Dry Corn Belt Ahead Of Pollination May Spell Disaster For Farmers

By Tyler Durden

Kirk Hinz, a meteorologist with BAMWX, published an agriculture note Thursday which outlines “persisting rains” in some parts of the Southwest but “expanding dryness” in the north.

Hinz concentrates on the corn belt, which spans the Midwest. He said, “expanding drought into a crucial time of the year ahead of pollination.” This means that persistent dry conditions could affect pollination success – and if pollination is not successful this year because of drought and lack of water, then harvest yields this season could come under pressure.

“A lack of consistent rainfall across a big chunk of the US major corn production areas in the Midwest and northern Plains this year continues, with the expanding drought into a crucial time of the year ahead of pollination as well. Weather models have remained volatile recently in regards to how much of these major production areas will receive timely rainfall, but the trend recently has been to push previously forecast widespread nourishing rains further south that’s starting to be a growing concern (plus more heat building back in a mid-to-late month) ahead,” Hinz wrote.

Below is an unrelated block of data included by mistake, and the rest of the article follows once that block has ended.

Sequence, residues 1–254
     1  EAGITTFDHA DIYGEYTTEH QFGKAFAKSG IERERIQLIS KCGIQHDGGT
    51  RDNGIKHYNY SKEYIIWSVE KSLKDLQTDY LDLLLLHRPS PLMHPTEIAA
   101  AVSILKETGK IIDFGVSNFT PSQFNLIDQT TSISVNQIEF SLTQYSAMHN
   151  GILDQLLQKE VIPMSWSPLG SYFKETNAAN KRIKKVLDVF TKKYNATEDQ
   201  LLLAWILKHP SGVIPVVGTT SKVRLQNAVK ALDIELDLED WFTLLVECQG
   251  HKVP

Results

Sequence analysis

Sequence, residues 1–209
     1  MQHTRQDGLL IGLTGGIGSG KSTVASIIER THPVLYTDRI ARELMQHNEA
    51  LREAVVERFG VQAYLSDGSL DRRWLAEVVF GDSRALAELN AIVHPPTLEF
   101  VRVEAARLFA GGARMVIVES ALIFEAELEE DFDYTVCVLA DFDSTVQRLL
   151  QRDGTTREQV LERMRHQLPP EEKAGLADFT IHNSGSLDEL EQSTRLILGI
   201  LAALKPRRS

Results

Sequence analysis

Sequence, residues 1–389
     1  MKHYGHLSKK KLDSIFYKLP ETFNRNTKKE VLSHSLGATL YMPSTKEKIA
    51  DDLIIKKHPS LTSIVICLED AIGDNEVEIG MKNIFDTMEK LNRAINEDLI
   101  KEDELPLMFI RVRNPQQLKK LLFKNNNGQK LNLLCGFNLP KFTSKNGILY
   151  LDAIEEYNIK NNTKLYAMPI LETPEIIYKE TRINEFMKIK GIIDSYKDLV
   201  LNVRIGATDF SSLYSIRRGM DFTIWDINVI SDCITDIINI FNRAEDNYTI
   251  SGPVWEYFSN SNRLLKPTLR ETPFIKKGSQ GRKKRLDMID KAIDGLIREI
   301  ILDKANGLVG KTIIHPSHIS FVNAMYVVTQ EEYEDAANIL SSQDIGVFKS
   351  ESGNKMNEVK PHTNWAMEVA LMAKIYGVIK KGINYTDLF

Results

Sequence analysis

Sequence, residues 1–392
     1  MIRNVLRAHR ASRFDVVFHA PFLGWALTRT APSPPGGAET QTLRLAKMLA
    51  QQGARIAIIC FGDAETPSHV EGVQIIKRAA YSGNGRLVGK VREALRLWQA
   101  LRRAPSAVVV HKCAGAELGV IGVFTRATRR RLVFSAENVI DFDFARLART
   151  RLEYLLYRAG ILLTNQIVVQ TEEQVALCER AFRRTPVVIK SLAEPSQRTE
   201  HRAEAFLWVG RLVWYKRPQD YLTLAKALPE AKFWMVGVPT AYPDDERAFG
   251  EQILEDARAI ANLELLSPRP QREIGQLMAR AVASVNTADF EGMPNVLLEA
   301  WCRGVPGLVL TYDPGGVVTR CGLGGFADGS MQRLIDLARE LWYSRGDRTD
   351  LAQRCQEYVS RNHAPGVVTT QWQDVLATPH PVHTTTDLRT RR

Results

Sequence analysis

Here’s what happens to corn if pollination is unsuccessful. 

Here’s the US Drought Monitor, which shows much of the Western US is in some form of drought.

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Some rain relief was seen in the week ending June 6, but worsening conditions continue in the corn belt (or Midwest area).

For the four weeks ending June 6, rains increased in west Texas and east New Mexico but expanding dryness in the corn belt.

Over the last two months ending June 6, significant increases in precipitation have been seen from Texas to New Mexico up into Colorado. However, most of the corn belt continues to experience worsening droughts.

Despite improving conditions in the Southwest, the corn belt remains in a drought during the most crucial time of the year for corn development. If pollination becomes an issue, harvests could suffer across the corn belt. That would mean corn prices would remain elevated.

Source: ZeroHedge

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